Maribou (maribou) wrote in 50bookchallenge,
Maribou
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Cousins Strike Blood

The Spellmans Strike Again, by Lisa Lutz
These Spellman books are, more or less, daffy chicklit versions of that hoary old chestnut, the PI novel. But the combination transcends the parts, and I find I quite love them. This one might have maybe even made me tear up a little at an appropriate spot, but if you ask me about that, I'll deny it.
(88/200)

Greek Street: Blood Calls for Blood, by Peter Milligan and Davide Gianfelice
So the problem with explicitly setting out to retell the great Greek tragedies is that you almost certainly won't be able to improve on them. And if the choices you make tend to steer the story in a more superficial direction, like you're ringing the changes without feeling the chords, mostly by going for cheap, flashy gore instead of the heart-rending sort? You'll probably make me rather grumpy with you, unless I feel like you have a sense of humor about your endeavors. Did not find much humor of any kind in this one. Was more than a bit grumpy. YMMV. PS Some of the art was excellent, and made me curious enough to put a hold on Gianfelice's Northlanders.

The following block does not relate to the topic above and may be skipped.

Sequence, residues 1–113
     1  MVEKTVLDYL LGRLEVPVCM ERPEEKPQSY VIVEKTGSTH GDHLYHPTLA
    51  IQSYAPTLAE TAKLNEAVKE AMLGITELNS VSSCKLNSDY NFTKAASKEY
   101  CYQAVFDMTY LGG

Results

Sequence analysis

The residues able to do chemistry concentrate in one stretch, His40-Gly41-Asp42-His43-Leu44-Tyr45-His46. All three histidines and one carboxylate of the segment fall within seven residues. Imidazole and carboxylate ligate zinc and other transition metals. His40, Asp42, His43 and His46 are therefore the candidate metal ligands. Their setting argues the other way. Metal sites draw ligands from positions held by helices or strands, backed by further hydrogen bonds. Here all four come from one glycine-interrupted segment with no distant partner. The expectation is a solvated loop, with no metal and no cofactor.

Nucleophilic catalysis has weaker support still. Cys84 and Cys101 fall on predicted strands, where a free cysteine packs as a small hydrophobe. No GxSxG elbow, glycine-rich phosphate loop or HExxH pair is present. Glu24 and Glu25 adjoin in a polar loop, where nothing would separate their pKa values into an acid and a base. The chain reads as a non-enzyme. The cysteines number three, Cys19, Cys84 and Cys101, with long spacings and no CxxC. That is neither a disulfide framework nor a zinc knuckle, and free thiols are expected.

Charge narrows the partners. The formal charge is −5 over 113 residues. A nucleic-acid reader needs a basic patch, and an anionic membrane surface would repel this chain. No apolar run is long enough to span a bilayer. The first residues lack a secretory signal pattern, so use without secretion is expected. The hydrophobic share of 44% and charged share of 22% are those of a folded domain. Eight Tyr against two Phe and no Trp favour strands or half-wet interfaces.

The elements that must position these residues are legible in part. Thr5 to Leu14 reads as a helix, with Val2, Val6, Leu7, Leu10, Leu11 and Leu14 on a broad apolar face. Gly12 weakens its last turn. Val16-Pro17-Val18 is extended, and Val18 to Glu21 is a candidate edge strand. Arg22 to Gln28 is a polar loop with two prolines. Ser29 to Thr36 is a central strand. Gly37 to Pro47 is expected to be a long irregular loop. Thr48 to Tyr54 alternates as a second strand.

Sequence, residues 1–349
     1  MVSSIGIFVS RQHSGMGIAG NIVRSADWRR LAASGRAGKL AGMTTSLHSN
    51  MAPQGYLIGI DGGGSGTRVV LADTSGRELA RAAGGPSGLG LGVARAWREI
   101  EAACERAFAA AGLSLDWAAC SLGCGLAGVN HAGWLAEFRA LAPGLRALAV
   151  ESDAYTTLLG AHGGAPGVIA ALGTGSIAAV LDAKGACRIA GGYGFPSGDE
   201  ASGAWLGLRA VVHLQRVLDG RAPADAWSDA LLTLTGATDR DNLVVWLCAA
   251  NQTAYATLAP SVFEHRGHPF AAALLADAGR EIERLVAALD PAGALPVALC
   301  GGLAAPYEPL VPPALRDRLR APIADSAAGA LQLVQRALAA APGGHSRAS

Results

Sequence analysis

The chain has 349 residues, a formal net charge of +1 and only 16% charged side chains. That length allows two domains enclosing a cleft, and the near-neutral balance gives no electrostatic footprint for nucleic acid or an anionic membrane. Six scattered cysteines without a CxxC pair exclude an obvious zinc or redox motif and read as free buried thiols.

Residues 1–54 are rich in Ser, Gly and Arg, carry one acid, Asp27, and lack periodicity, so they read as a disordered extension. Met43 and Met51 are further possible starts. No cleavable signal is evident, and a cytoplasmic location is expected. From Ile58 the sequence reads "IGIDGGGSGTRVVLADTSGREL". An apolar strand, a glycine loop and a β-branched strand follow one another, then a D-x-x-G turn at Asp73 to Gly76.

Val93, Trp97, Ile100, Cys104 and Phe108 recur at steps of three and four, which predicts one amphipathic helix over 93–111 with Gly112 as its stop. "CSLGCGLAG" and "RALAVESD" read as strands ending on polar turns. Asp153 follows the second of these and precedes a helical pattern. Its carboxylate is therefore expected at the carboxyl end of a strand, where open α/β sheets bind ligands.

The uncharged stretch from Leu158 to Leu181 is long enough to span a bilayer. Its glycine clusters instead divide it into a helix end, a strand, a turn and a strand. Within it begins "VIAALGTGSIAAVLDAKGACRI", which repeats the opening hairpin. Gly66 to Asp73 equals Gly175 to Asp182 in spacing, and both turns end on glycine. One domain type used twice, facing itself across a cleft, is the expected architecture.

(89/200)

Cousins, by Evan Commager
Reading any children's book written in the 50s and set in North Carolina, where the main characters are upper-middle-class white children, is probably going to involve some uncomfortable moments involving issues of class and race and gender, right? Right. That said, it's all of the clueless-rather-than-vicious sort and mostly the book is really good, and full of thoughtful and perceptive and lovely sentences and scenes - which made it entirely conducive to the afternoon-lolling-about-reading-and-drinking-cold-things-and-daydreaming-and-reminiscing-and-falling-in-love-with-several-characters-at-once experience that was such a staple of my childhood summers. Perfect for a lazy holiday Monday.
(90/200)
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